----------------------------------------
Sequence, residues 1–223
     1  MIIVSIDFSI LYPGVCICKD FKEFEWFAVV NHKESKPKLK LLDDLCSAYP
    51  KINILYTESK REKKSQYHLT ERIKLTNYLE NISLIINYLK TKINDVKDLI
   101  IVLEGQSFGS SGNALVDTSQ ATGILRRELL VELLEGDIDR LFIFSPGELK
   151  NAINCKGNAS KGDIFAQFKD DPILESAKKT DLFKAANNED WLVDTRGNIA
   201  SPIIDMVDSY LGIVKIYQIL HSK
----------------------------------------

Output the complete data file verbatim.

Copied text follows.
Sequence, residues 1–223
     1  MIIVSIDFSI LYPGVCICKD FKEFEWFAVV NHKESKPKLK LLDDLCSAYP
    51  KINILYTESK REKKSQYHLT ERIKLTNYLE NISLIINYLK TKINDVKDLI
   101  IVLEGQSFGS SGNALVDTSQ ATGILRRELL VELLEGDIDR LFIFSPGELK
   151  NAINCKGNAS KGDIFAQFKD DPILESAKKT DLFKAANNED WLVDTRGNIA
   201  SPIIDMVDSY LGIVKIYQIL HSK